This is a relatively new aspect of integration and related to the ability of PLM system to be integration with social tools. Tools like Yammer and others represent a new class of tools helping people to collaborate in the organization. Both PDM and PLM systems provide a context for social tools. It can come as data about product, documents, changes processes and everything that helps to identify social relations. For example, by analyzing your product data, you can find a knowledge expert in a particular filed in the organization, etc.

What is my conclusion? Both PDM and PLM systems have very strong dependencies on their ability to be integrated within an organization. PDM integrations are oriented on data access, transfer and interoperability between a PDM and other systems in the enterprise. Data is the main focus of PDM integrations. It may include a different type of data integrations – manual, automatic, one or bi-directional data integrations. However, when it comes to Product Lifecycle Management, the scope of integration can be increased dramatically. It may include integration of processes, people and social context. The ability of PDM and PLM system to integrate what other systems and people in the organization are critical for successful implementations. This of the reasons why PDM and PLM implementations often fail in the organization.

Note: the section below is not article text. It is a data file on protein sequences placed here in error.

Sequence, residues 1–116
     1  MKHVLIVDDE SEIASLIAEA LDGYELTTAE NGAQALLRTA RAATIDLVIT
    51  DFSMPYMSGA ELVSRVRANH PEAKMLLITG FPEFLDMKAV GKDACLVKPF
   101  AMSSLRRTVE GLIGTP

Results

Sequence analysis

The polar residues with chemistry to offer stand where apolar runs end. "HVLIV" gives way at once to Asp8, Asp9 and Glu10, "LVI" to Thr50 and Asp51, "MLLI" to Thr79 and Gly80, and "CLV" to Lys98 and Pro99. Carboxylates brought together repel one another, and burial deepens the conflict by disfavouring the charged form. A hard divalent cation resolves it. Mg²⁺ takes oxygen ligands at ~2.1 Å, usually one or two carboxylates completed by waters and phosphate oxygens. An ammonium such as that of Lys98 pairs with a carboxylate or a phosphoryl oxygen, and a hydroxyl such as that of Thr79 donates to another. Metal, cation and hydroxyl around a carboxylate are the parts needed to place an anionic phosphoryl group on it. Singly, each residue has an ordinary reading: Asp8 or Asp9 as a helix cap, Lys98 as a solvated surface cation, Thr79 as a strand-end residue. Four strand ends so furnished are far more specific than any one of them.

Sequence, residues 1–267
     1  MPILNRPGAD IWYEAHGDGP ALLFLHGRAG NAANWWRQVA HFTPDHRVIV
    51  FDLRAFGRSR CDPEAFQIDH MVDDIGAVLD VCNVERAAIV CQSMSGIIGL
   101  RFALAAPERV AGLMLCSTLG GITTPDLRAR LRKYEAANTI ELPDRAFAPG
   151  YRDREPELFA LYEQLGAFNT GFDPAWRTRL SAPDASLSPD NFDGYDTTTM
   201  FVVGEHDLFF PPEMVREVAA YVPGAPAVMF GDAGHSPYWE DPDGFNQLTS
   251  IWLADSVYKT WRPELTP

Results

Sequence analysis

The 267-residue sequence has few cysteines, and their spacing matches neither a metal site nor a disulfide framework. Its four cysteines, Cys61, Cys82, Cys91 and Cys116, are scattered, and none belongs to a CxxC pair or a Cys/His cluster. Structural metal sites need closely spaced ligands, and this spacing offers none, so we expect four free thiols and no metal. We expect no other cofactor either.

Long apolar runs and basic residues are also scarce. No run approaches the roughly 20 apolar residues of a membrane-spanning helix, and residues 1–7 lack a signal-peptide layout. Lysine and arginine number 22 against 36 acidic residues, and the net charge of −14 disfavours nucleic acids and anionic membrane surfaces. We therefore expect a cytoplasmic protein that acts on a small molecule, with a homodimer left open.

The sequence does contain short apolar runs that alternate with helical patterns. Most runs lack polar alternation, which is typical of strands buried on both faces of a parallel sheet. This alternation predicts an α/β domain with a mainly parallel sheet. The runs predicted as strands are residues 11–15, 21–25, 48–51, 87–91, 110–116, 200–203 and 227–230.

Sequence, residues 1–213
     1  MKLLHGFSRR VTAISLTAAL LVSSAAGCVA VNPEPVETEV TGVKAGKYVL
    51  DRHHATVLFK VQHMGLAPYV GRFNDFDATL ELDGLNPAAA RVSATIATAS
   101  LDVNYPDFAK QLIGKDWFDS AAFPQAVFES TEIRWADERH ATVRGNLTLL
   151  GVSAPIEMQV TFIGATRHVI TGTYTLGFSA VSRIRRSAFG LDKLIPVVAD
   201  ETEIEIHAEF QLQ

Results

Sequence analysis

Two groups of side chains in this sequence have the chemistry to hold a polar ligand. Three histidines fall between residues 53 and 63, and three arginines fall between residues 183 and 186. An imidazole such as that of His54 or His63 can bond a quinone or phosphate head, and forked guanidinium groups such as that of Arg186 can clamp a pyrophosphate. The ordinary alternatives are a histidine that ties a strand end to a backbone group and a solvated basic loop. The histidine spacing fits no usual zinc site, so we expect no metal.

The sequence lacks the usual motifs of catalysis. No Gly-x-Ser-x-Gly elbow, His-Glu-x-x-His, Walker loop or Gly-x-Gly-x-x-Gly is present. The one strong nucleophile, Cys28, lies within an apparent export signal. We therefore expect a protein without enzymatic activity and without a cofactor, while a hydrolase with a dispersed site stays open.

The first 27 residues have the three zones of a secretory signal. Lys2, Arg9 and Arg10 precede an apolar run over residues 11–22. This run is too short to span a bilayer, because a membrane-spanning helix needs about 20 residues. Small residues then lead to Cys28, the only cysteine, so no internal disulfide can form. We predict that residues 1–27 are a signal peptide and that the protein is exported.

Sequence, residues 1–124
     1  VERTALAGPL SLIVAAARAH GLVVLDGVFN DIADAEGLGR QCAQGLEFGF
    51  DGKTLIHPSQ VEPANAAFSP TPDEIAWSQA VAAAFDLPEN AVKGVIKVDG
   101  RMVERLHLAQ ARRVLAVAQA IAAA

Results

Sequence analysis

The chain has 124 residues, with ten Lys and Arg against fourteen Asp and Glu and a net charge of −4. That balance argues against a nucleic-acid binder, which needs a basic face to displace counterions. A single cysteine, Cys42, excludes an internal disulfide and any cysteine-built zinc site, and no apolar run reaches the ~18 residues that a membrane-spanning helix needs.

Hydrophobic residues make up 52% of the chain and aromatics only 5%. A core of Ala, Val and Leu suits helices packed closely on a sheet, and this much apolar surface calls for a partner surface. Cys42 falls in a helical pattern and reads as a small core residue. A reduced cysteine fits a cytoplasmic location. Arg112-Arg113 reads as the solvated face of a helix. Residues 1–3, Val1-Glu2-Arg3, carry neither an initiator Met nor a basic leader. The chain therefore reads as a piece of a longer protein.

Update: When I finished this post, I found a new post coming from Kurt Chen of Technology Evaluation Center. Kurt posted PDM vs. PLM A Matrix View. What I liked in Kurt’s post is the focus on the PDM/PLM need to be integrated with people and system in the manufacturing organization. This is a key in my view.

Best, Oleg

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432 comments

PDM vs. PLM: A Process Perspective

August 17, 2010

I want to continue the discussion started last week in my post ‘PDM vs. PLM: A Data Perspective‘. Thank you all for comments and your contribution to this conversation. I think, clarification in this space can be very beneficial for customers, vendors and other people involved in planning and operation systems for product development, engineering […]